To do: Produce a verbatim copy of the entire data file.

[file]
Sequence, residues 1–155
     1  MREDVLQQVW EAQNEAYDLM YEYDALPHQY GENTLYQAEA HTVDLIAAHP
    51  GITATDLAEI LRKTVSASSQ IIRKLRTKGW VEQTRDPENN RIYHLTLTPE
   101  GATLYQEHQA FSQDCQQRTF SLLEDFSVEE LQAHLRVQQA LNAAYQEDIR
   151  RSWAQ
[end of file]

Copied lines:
Sequence, residues 1–155
     1  MREDVLQQVW EAQNEAYDLM YEYDALPHQY GENTLYQAEA HTVDLIAAHP
    51  GITATDLAEI LRKTVSASSQ IIRKLRTKGW VEQTRDPENN RIYHLTLTPE
   101  GATLYQEHQA FSQDCQQRTF SLLEDFSVEE LQAHLRVQQA LNAAYQEDIR
   151  RSWAQ